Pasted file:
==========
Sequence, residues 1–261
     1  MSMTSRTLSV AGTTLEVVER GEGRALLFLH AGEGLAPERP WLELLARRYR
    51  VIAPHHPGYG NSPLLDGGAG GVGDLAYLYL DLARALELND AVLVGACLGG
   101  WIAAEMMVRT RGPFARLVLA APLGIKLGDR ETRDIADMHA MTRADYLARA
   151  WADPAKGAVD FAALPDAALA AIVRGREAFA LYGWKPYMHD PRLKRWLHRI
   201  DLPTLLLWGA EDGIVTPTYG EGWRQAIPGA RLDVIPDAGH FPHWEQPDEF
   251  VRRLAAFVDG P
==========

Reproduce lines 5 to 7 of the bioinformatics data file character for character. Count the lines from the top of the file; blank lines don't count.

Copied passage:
   151  WADPAKGAVD FAALPDAALA AIVRGREAFA LYGWKPYMHD PRLKRWLHRI
   201  DLPTLLLWGA EDGIVTPTYG EGWRQAIPGA RLDVIPDAGH FPHWEQPDEF
   251  VRRLAAFVDG P